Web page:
Do you use traditional AV or default deny?

  • Default Deny

  • Traditional AV

  • Both

Results are only viewable after voting.

Local Host

Level 23
Verified
It's a double-edged sword. Default-deny integrated into AVs usually works off a massive whitelist so it makes it a lot more user friendly than something like VS or SAP. The problem is, if a malicious application triggers a block, the majority of the population would instantly allow the offending application to run and then be outraged when they got infected.

Happens with "advanced" users too. Drop a piece of malware called "GoogleUpdate.exe" onto an advanced user's system and watch them either allow it to execute because they assume it's legitimate or have a small panic attack while debating with themselves whether it's legitimate or not.
Is not as hard as you state, specially if you have knowledge.
A malicious GoogleUpdate wouldn't have the Google Certificate, I don't let it run nor access the Internet anyway.
I update my Software manually, and only programs that really need the Internet have access to it (Browsers, Game Clients, etc.).
 
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Deleted Member 3a5v73x

Happens with "advanced" users too. Drop a piece of malware called "GoogleUpdate.exe" onto an advanced user's system and watch them either allow it to execute because they assume it's legitimate or have a small panic attack while debating with themselves whether it's legitimate or not.
"Advanced" users who use default-deny don't make assumptions, they make sure in the first place that file they are about to execute is legitimate or not with other tools and manual inspection.
 
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509322

@Lockdown correct me if I am wrong but you dislike Windows for security and then on your profile you have "From AppGuard", so a software which works on Windows OS...

So what ?

What does my dislike of Microsoft and Windows have to do with my job ?

And my dislikes are in-line and shared by many in the industry.

I short Microsoft because it is no one's friend.
 
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ZeroDay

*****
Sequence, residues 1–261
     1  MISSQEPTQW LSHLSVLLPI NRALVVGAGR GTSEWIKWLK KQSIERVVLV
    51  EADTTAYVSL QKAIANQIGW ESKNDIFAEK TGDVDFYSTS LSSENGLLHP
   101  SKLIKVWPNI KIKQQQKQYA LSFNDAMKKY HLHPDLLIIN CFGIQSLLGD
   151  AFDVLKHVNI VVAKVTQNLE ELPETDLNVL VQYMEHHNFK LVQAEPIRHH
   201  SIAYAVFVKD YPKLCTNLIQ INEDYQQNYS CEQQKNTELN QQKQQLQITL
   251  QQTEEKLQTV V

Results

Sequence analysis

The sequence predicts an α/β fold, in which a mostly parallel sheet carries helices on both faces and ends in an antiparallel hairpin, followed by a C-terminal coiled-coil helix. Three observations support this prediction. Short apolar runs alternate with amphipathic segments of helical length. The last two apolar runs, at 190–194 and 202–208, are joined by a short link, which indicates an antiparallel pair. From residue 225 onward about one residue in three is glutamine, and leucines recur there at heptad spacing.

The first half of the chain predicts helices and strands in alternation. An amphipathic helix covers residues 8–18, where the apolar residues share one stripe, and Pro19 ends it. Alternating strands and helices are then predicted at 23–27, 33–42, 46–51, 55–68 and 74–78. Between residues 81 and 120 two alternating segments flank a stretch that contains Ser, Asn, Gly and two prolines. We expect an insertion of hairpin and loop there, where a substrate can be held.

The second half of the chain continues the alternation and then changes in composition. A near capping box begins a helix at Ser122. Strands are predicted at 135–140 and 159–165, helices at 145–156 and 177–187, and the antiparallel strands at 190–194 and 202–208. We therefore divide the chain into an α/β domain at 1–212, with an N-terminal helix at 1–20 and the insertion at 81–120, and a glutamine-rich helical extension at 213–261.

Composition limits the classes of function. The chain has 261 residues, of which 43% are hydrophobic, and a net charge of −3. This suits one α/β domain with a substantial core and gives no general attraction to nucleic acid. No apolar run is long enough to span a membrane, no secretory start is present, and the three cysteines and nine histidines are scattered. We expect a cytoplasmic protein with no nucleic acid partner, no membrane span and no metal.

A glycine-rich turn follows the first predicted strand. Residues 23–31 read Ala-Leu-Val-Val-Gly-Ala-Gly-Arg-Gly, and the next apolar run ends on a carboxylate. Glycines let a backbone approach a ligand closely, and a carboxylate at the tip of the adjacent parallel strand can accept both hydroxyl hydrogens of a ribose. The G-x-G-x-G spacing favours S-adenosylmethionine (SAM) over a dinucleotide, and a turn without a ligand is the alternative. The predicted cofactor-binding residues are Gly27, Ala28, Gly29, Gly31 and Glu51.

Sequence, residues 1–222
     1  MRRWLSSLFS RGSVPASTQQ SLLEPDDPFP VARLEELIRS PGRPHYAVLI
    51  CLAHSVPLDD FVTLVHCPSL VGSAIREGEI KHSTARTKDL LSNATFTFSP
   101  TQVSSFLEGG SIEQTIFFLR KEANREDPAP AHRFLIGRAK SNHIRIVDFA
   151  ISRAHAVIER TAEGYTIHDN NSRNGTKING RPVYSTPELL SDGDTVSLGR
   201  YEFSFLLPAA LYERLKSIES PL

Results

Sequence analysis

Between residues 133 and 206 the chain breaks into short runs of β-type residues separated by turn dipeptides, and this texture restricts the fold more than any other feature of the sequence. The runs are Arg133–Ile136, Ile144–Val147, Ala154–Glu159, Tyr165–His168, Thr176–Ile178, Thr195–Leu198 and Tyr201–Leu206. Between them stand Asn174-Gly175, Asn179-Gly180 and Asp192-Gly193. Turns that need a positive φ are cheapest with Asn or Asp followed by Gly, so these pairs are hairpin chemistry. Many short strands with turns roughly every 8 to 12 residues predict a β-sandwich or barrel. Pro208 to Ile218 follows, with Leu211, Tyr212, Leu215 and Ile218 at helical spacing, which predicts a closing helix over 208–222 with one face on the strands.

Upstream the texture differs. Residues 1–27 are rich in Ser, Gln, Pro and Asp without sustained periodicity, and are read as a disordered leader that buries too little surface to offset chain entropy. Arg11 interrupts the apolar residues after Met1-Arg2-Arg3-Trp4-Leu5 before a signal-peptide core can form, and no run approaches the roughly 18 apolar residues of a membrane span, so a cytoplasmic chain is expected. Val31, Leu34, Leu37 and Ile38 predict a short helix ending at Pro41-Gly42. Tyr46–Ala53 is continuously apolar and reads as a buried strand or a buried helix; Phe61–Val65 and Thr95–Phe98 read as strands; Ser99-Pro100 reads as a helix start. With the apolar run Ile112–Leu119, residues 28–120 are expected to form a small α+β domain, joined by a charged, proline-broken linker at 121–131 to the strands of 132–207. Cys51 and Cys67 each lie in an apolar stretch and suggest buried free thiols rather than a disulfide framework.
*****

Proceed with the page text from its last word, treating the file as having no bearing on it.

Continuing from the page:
Level 29
Verified
Malware Tester
It's a double-edged sword. Default-deny integrated into AVs usually works off a massive whitelist so it makes it a lot more user friendly than something like VS or SAP. The problem is, if a malicious application triggers a block, the majority of the population would instantly allow the offending application to run and then be outraged when they got infected.

Happens with "advanced" users too. Drop a piece of malware called "GoogleUpdate.exe" onto an advanced user's system and watch them either allow it to execute because they assume it's legitimate or have a small panic attack while debating with themselves whether it's legitimate or not.
I agree hence the 'Not JUST for advanced users'
 

Arequire

Level 26
Verified
Content Creator
"Advanced" users who use default-deny don't make assumptions, they make sure in the first place that file they are about to execute is legitimate or not with other tools.
You'd be surprised. I see it a lot with CF too; people complaining about how they don't know whether a file is safe or not when it's been put inside the sandbox. Happens less with default-deny but it's there if you look.
 

RoboMan

Level 32
Verified
Content Creator
Malware Tester
This is turning into a war rather than an argument-based discussion... Remember guys, that Linux, Windows, antivirus or default deny, we all pursue the same goal of security and, on different levels, we all either achieve it or keep learning on our way to the top. Some may find, at this moment, AV more suitable for them, others may find default-deny solutions more suitable, and lastly some may find a combination of both as their best solution. There are no black or white, good or wrong here, it's more a matter of tastes. I switched to default deny not so long ago and I haven't had any trouble or infection with it. I used AV for years and I hadn't had any infection as well. Everything starts on our habits and our workspace, and what we do or aim to do. It's like, I don't know, secured hardware firewalls. There are great thousand of dollars routers that provide great security. Although, me as a home user would never spent so much money on them, because I don't need them nor will they actually make me "safer" on my condition as a home regular user. The best option varies on the kidn of user. :)